By Ernie Palladino
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Moon-shot home runs?
Third-best record in baseball?
Lots of fun.
Not so much.
Get the drift here? It’s a lot of fun to be a young Yankee these days, unless your name is Greg Bird. He just went on the 10-day disabled list Tuesday with a bruised right ankle that has kept him from joining the rest of the kiddie party that comprises a large slice of this year’s Bombers.
It’s basically a stashing, a choice between the lesser of three possibilities. They could have kept him around until he shook a prolonged slump that stretched back to opening day; shipped him off to the minors until his swing regained its fence-assaulting nature; or throw him on the DL.
Joe Girardi made the easier of the choices. Bird now gets the same benefit as a minor-league assignment without the embarrassment. He gets some necessary time to step away from his troubles, make an adjustment or two, and join the fun on a team that has retaken the imagination of New Yorkers, thanks to Aaron Judge’s gargantuan home runs, the resurrection of Chase Headley into a real ballplayer, and the bench play of Aaron Hicks, just to name a few factors.
With catcher Gary Sanchez expected back by week’s end from his partially torn biceps, Bird’s replacement, Rob Refsnyder, will be easy enough to send down.
There just hasn’t been lot of disappointments in the 16-9 start. There’s Bird. Throw Brett Gardner and his .208 batting average heading into Tuesday in there, too, if you must (Gardner went 3-for-5 with two homers in the Bombers’ 11-5 win over Toronto, upping his average to .232). But Bird was the one youngster Girardi expected to rely on.
He remained grounded through April.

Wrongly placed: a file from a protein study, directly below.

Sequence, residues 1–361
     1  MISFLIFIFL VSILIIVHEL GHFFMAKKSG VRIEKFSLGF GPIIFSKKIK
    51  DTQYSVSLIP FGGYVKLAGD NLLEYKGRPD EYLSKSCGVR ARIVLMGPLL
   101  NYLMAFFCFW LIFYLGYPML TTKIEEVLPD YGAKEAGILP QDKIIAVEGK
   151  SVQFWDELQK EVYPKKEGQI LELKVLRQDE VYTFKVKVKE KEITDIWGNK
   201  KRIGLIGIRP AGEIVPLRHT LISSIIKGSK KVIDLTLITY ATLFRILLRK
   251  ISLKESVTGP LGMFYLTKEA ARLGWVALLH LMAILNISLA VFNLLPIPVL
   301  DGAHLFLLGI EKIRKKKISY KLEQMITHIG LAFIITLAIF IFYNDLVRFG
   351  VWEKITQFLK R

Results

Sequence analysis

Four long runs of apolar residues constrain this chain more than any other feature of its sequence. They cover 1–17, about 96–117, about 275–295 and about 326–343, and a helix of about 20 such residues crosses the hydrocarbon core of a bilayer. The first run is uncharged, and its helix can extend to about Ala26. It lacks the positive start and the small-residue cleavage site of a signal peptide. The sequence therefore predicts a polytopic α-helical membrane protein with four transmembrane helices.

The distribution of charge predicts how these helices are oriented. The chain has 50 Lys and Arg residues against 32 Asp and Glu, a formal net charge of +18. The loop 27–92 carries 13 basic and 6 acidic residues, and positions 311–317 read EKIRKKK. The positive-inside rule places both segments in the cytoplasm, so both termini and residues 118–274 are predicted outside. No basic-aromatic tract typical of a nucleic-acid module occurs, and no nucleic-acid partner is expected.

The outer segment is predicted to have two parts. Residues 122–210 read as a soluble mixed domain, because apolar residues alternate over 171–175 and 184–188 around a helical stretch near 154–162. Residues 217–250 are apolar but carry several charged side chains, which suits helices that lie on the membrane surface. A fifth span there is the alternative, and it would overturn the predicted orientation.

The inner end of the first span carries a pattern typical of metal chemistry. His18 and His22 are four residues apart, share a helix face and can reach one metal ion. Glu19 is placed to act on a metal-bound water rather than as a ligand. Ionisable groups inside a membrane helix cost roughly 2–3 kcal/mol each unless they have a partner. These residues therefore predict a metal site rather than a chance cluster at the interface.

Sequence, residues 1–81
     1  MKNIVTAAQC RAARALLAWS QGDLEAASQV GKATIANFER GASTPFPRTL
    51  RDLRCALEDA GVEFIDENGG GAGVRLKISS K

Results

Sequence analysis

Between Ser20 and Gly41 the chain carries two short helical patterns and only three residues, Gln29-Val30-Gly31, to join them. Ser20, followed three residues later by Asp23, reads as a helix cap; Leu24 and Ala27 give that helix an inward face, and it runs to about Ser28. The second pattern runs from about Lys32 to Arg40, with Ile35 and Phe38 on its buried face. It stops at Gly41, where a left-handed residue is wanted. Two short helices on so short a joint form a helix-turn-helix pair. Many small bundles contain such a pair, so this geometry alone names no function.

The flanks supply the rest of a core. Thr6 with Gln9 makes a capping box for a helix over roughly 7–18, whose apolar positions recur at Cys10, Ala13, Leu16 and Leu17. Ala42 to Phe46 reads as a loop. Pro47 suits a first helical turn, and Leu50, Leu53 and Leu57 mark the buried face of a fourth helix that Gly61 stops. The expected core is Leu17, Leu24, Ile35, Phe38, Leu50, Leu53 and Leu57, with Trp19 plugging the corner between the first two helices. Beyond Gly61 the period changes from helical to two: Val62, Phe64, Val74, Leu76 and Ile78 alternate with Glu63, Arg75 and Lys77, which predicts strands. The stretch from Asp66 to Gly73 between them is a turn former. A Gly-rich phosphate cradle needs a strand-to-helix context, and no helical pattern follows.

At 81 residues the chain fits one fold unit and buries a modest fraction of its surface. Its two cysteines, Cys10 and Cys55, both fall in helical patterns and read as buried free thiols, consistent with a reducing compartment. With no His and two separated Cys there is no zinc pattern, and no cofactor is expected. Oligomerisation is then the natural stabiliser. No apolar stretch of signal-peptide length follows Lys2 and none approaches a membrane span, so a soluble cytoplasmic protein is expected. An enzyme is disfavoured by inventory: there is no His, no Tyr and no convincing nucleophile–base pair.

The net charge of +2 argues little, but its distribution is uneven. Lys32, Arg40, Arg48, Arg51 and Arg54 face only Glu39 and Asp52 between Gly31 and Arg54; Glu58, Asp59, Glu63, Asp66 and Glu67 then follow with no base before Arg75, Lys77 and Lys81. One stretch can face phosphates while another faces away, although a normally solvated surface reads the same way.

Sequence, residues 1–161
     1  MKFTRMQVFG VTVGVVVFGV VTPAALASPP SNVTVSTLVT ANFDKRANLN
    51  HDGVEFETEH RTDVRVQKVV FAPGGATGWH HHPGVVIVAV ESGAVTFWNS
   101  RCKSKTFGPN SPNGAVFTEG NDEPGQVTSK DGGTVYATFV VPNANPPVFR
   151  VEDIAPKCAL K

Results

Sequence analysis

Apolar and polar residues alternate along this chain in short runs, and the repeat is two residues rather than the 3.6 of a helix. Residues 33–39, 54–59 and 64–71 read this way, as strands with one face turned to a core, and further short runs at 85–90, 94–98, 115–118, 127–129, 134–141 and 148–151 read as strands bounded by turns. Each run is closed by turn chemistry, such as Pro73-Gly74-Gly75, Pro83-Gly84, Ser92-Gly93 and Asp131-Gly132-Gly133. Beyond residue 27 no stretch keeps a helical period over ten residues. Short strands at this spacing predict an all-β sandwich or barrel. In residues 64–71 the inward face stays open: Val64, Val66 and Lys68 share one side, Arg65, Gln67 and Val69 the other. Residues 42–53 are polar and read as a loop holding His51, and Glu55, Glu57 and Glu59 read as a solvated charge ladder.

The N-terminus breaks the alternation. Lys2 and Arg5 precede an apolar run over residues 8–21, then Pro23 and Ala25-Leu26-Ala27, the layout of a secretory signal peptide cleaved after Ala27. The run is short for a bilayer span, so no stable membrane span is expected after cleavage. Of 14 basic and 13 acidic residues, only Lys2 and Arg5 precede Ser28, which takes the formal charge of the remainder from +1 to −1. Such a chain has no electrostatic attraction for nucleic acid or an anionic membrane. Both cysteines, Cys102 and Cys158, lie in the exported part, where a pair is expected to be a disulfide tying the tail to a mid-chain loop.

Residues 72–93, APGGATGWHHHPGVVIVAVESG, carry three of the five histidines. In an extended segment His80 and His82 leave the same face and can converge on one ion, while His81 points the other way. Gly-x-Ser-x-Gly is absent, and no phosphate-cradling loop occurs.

That’s been a downer, the only real big one in a shockingly good start.
This was more than a glitch. Folks expected those, certainly. Luis Severino has obliged as he continues his search for his footing as a starter. Monday’s five-run, five-inning beat-down at the hands of the Blue Jays was anything but pretty.
But one could easily put that imperfection aside, especially when considering the team’s lofty spot in the standings and the more surprising popularity due to the long-ball excitement Judge and company have generated.
Bird stood as the only major disappointment. He was supposed to be one of Girardi’s leaders because of the 46 games he played in 2015 before he sacrificed last year to shoulder surgery. Judge and his free-swinging past was supposed to be the question mark.
Instead, Judge and his 12 home runs and 25 RBI has headed up the Yankees’ hit parade. Bird remained grounded, and inside the ballpark save for his one homer. He had three RBI, and a measly .100 (6-for-60) BA in 19 games.
Girardi had continued to believe in Bird until he saw something unsettling in his swing Monday. He had good reason, too, as Bird had drawn 10 walks. That indicated a positive level of selectivity. Girardi said he hadn’t chased a lot of pitches. A number of at-bats went as hard-hit outs.
While not the definition of somebody totally clueless at the plate, such futility obviously wore on Bird’s confidence. When Girardi noticed a lack of explosion in Bird’s legs during Monday’s 0-for-4 outing, he decided Bird needed an extended rest.
Bird won’t do anything for the next week to 10 days. After that, he’ll be re-evaluated.
Until he returns, the Yanks’ outlook appears bright enough.
Didi Gregorius is back, though Jacoby Ellsbury also could be heading for the DL with a bruised left elbow nerve. Sanchez began a minor league rehab assignment with a bang Tuesday, homering on the first pitch he saw, and could return sooner than expected if Austin Romine’s cramped right groin doesn’t get better by Wednesday night.
Romine had a career high five RBI in a 12-4 win against the Orioles Saturday. Judge, who never seems to hit a fly ball that doesn’t travel at least 400 feet, recently drew a Derek Jeter comparison from Girardi. Despite being benched Monday to contemplate a 6-for-34 (.176) slump over his last eight games, Headley has overall looked like a competent hitter, putting up seven doubles, three homers, eight RBI, and a .301 average.
Because of those factors and some strong pitching performances, Bird’s struggles haven’t had a disastrous effect on the Yanks.
Now that he is going away for a week or two, it makes one wonder just how potent the Yanks can get once he returns healed, rested, and hopefully rejuvenated.
That could be a lot of fun.
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